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Joint Chiefs’ Landscape Restoration Partnership - Hawaii

Banner graphic of HI brochure

Ko’olau Mountains © Bryan Mass

Partners Protecting Paradise

The majestic summits of the Ko’olau Mountains were once considered to be wao akua, or the realm of the gods. Located on the island of O’ahu, the Ko‘olau Mountains cover 110,000 acres and span the entire length of the island from roughly north to south. Mist swirls over verdant peaks and a multitude of animals, such as the beloved ‘elepaio bird, the Hawaiian hoary bat and endangered tree snails that hide in lush forested valleys. Much of the flora and fauna here are found nowhere else in the world. Beyond beauty and diversity, the Ko’olau range is an invaluable producer of freshwater. With an estimated annual yield of 133 billion gallons of freshwater, the mountains contain some of the most important and productive watershed forests on O‘ahu. The focal areas for the Joint Chiefs’ project are key contributors to the Pearl Harbor aquifer, where groundwater levels have declined by half since 1910. Having evolved in isolation for millions of years, the native ecosystems and functional watersheds of the Ko’olau are particularly vulnerable to degradation caused by invasive species. Joint Chiefs’ funding enabled a suite of strategies to control invasive plants and animals, helping to secure longterm health for this breathtaking landscape, including sustaining drinking water supply, the tourism economy and the cultural heritage of residents.

Ko’olau Forest Protection - Results

Protected water quality and wildlife habitat:

Invasive feral pigs uproot and eat native plants and spread invasive seeds. The State of Hawai‘i matched Joint Chiefs’ funding to install 3.7 miles of fencing to keep these destructive animals away from sensitive natural areas. These structures will protect water quality and habitat for years to come.

Improved water quantity:

Non-native plants, such as manuka and strawberry guava, were removed from more than 110 acres and land along 46 miles of fence line were treated. These plants do not use or store water as efficiently as native species. Removing them enhances habitat for a multitude of endangered and at-risk species while maintaining forests to better capture and store fresh water. K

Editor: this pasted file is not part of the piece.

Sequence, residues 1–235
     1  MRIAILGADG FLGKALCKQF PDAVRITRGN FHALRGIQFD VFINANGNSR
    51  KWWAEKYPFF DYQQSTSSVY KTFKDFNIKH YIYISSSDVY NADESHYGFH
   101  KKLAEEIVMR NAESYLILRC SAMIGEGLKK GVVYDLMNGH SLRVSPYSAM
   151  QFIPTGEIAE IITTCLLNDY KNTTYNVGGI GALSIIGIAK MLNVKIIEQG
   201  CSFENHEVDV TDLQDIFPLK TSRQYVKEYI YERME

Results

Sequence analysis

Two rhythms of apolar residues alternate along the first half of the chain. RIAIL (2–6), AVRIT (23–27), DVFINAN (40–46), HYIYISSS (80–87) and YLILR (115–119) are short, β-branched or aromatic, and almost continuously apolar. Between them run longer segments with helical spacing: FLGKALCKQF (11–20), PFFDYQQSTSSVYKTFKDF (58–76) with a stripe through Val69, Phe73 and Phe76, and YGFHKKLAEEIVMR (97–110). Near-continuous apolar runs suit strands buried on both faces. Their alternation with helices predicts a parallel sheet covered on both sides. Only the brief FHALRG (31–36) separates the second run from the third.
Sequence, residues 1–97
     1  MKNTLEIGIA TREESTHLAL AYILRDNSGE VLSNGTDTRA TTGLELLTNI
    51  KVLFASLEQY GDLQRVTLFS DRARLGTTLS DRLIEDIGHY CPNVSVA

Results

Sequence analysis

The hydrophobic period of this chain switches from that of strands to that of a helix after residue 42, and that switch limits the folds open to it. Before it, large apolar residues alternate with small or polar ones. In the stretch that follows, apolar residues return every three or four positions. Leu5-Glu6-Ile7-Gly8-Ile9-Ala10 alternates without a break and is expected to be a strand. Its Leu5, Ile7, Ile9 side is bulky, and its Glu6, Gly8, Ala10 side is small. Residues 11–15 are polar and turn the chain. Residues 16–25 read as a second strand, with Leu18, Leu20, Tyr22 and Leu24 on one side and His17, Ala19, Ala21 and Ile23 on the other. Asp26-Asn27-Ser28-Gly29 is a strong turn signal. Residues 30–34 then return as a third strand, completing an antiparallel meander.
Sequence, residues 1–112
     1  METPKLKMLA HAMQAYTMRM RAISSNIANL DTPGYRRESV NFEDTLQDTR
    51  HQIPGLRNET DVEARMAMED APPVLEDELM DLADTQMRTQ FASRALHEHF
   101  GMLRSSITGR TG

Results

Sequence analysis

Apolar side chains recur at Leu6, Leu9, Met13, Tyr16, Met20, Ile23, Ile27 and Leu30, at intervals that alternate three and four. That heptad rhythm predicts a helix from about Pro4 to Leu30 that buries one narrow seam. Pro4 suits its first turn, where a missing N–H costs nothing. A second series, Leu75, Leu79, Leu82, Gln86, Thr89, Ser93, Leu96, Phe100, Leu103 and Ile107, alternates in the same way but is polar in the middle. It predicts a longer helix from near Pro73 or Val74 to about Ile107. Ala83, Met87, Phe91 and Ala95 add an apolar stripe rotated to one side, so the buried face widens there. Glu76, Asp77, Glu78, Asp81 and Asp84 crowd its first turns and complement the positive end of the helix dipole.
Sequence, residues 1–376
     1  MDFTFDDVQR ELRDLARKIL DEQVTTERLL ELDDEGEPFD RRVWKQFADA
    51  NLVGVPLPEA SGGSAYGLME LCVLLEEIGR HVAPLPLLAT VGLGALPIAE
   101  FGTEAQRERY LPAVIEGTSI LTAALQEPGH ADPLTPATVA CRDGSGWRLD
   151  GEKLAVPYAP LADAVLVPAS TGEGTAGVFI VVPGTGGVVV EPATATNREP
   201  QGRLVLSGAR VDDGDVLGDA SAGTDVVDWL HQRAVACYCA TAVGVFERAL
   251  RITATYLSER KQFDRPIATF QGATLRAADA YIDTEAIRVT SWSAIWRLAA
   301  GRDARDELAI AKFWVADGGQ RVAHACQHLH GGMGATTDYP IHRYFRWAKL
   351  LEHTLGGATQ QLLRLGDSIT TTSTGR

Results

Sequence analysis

Project Impact: 15,000 Invasive Species Removed

More than 15,000 invasive strawberry guava trees were removed, improving the health of forest and freshwater systems on O’ahu Mountains.

Total awarded through the Joint Chiefs’ from 2015-17: $766,500

The Joint Chiefs’ Landscape Restoration Partnership was created to inspire greater collaboration among Federal agencies and local partners to catalyze long-term change. In Hawai‘i, this goal was realized through a relationship with the Ko’olau Mountains Watershed Partnership (KMWP). The organization fosters landowner collaboration and perpetuates water resources by protecting and enhancing native ecosystems.

Those are big and lofty goals. But when you meet people like Alison Crowley, it is easy to see how they can be achieved. After working as an environmental educator in Colorado, Alison came to O’ahu in search of a career in conservation. She now serves as the field supervisor with KMWP, leading a crew of local technicians who scaled rough terrain in wind, rain and sunshine, to remove invasive strawberry guava plants on 80 acres—work that was funded by the Joint Chiefs’.

According to Alison, respect for land is deeply rooted in Hawaiian culture. “You don’t have to work in conservation to have appreciation for the land and the desire to give back,” said Crowley. “If you take care of the land then the land will take care of you. It is an equal exchange.”

Working with a diverse and knowledgeable crew through challenging circumstances has been fulfilling for Alison, and the landscape has benefited. “It is beyond rewarding to see the work we do have a positive impact in such a short span. The landscapes on the Hawaiian Islands are ever-changing, sometimes resilient and sometimes highly affected by human impact. We all play a part to help or hinder. I choose to help and give others an opportunity to do so also, said Alison.”

Crews remove invasive plants on mountain top

 

 

 

 





Crews remove invasive plants; courtesy Ko’olau Mountains
Watershed Partnership

Key Partners

Hawai’i Association of Watershed Partnerships

Hawai’i Department of Land and Natural Resources, Division of Forestry and Wildlife

Kamehameha Schools

Ko’olau Mountains Watershed Partnership

‘Ohu ‘Ohu Ko’olau Inc.

O’ahu Invasive Species Committee

Pacific Cooperative Studies Unit

United States Army

University of Hawai‘i at Mānoa

Download PDF brochure (PDF, 1.7MB)

USDA’s Forest Service and Natural Resources Conservation Service are working together to improve the health of forests where public forests and grasslands connect to privately owned lands. Through the Joint Chiefs’ Landscape Restoration Partnership, the two USDA agencies are restoring landscapes by reducing wildfire threats to communities and landowners, protecting water quality and enhancing wildlife habitat.